Ontario's environmental neglect threatens human health: report

Changes to Ontario farming and well chlorination regulations have increased the chance people will get sick from contaminated water, says this year's annual report from Ontario's environment commissioner.

Changes to Ontario farming and well chlorination regulations have increased the chance people will get sick from contaminated water, says this year's annual report fromOntario's environment commissioner.

Commissioner Gord Millercitedin his report, released Tuesday, theWalkertontragedy six years ago, whendrinking water contaminated with manure killedseven people and sickened more than 1,000 others in the Ontario town.

In some cases, Ontario monitors the way farmers control manure run-off less closely now than it did before, the report says.

"Unfortunately … some of the changeshave weakened both accountability and the assurance that farmers are following the rules that protect human health," said a backgrounder attached to the report.

The annual commissioner's report monitors how well the province is complying with its Environmental Bill of Rights.

Miller's 2005/2006 report is titled Neglecting Our Obligations, and a news release said that refers not just to drinking water, but to "almost every area of environmental management."

That will hurt future generations, Miller said.

'Disturbing example' to industrial landowners

The report found that some government ministries even go beyond neglect.

Miller cited one example where the Ministry of Transportation polluted land it owned in Thunder Bay, then successfully lobbied to have the value of the land reassessed to $1.

"They argued that since they had made the land worthless by polluting it, they shouldn't have to pay taxes on it," Miller said in an addressat Queen's Park Tuesday. "This is a disturbing example for the province to set for industrial landowners."

Premier responds

Premier Dalton McGuinty responded Tuesday that the government has taken a number of actions to keep the province's environment safe and healthy.

He said the government has established a 1.8-million acre greenbelt to preserve farmland, created a new clean water act and started a bottle recycling effort through theliquor control board, to be launched shortly.

He added, "I think we've come really, really close to completing all of Mr. Justice Dennis O'Connor's recommendations flowing from the Walkerton commission."

Miller's report says there are some areas where the province has taken positive steps, such as protecting biodiversity, protecting Ontario's wolf population and preserving conservation lands held by non-profit groups.

However, he cited a long list of areas where Ontario still needs to take action including:

Climate change adaptation– Miller linked this summer's violent windstorms and tornadoes to larger climatechange patterns. The storms each knocked out power to hundreds of thousands of residents.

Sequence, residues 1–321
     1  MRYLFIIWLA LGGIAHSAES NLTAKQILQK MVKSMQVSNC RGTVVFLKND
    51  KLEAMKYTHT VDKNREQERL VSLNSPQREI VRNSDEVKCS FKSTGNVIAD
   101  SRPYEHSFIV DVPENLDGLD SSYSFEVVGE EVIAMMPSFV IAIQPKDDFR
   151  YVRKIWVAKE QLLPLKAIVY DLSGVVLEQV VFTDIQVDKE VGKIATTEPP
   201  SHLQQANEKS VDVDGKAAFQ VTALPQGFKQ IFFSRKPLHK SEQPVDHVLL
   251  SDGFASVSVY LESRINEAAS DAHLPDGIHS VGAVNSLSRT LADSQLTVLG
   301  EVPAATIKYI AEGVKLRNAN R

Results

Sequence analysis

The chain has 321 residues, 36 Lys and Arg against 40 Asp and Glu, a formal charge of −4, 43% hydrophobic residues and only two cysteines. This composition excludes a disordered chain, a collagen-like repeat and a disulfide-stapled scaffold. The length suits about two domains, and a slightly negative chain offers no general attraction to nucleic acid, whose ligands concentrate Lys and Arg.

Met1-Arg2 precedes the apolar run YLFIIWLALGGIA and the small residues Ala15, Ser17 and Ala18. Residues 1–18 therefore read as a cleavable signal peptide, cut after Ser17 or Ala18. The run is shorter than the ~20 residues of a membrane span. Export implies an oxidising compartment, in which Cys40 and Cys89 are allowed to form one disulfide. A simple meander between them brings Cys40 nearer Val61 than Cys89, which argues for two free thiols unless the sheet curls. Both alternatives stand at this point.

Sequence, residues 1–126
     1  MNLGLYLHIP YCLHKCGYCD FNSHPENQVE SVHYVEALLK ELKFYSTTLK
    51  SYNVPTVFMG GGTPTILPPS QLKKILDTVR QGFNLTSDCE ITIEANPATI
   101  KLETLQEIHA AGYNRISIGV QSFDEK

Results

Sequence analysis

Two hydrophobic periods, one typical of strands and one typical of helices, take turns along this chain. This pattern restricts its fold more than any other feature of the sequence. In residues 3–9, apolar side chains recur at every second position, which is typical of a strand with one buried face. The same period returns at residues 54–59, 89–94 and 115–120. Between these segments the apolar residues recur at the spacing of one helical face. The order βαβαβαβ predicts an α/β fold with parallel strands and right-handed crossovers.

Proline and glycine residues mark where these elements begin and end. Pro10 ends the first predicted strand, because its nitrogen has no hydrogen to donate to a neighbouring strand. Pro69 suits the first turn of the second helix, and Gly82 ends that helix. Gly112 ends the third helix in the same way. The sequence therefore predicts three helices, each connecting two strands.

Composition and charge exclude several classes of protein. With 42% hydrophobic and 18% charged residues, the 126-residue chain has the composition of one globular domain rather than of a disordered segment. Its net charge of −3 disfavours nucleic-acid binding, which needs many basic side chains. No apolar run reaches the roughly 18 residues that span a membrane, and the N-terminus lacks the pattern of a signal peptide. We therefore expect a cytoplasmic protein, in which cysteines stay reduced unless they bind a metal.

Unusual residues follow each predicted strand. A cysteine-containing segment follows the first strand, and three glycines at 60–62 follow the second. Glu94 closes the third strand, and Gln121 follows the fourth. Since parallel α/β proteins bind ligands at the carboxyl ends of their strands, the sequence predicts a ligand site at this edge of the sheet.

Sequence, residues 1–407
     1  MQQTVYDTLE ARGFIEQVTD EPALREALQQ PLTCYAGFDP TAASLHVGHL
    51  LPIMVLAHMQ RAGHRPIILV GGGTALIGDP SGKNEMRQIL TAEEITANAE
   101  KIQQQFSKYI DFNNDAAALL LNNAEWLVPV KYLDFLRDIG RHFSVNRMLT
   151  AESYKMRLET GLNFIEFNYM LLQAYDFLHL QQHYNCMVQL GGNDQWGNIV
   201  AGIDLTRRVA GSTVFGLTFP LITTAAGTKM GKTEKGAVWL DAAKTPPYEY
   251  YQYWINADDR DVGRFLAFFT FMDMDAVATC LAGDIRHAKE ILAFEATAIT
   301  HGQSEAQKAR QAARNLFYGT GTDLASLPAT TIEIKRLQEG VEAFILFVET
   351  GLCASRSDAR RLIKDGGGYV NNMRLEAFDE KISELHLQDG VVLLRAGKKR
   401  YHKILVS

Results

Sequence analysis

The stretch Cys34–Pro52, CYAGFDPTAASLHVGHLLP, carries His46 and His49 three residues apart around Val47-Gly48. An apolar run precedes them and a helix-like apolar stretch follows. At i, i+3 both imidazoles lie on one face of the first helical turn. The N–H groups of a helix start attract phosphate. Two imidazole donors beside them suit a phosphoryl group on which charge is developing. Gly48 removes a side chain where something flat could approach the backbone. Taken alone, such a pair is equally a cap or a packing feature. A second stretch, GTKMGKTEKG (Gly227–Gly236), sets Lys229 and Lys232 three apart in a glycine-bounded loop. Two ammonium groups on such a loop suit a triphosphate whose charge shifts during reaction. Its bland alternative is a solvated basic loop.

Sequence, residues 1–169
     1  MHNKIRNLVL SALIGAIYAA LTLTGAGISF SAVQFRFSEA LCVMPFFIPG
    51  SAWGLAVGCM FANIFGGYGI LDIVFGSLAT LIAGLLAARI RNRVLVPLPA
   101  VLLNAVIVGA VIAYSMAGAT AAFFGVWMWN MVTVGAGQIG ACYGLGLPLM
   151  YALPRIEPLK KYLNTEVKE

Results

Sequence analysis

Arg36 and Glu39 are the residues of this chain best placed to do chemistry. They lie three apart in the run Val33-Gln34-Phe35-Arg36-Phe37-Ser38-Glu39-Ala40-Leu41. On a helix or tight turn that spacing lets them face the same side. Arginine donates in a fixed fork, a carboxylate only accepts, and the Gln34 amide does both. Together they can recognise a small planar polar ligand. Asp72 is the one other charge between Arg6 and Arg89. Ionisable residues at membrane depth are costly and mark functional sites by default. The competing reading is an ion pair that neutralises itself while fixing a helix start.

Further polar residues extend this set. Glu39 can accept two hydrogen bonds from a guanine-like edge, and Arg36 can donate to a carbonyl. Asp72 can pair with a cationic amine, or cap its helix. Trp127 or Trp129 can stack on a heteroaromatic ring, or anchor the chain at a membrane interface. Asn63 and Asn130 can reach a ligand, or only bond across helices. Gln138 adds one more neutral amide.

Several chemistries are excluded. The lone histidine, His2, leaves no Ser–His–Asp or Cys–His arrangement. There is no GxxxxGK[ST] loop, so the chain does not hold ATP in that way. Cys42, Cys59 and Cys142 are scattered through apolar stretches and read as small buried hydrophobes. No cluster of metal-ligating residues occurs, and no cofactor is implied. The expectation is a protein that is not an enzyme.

"The point is that our infrastructure is designed for a climate that is no longer our climate," he said. "We must recognize that and begin to adapt."

Drinking water– Ontario lowered requirements for disinfecting new wells by chlorination to "inadequate" levels, Miller said.

In addition, regulations make it hard to prosecute those responsible for polluting drinking water wells with bacteria, nitrates or other contaminants.

Meanwhile, the government removed enforcement from regulations telling farmers how to apply manure to their fields in a way that reduces the risk of water contamination.

Garbage – The province is expanding the amount of waste sent to its aging landfills. But out-of-date inventories mean they don't know the sites' total waste capacity or whether the increase threatens human health.

The province also announced in 2004 that it would recycle or otherwise divert 60 per cent of its waste from landfills and incinerators by 2008. But it took no action to meet this goal until 2006.

Air quality – Onlyone to two per cent of industrial facilities are inspected each year to see if they are following rules regarding concentrations of pollutants.

And the Environment Ministry has not yet updated allowable levels for dangerous contaminants such as nickel even though it promised to do so up to 10 years ago.

Also, many industries still don't have caps for dangerous nitrogen oxides and sulphur dioxide gas emissions despite a new cap on those emissions.

Zoos – A recent audit showed 75 per cent of Ontario zoos are "dirty, barren and ramshackle" or otherwise do not meet basic animal welfare standards.

Environmental education – The report says environmental education in Ontario has fallen behind other provinces and U.S. states. It recommends that the Ministry of Education be subject to the Environmental Bill of Rights.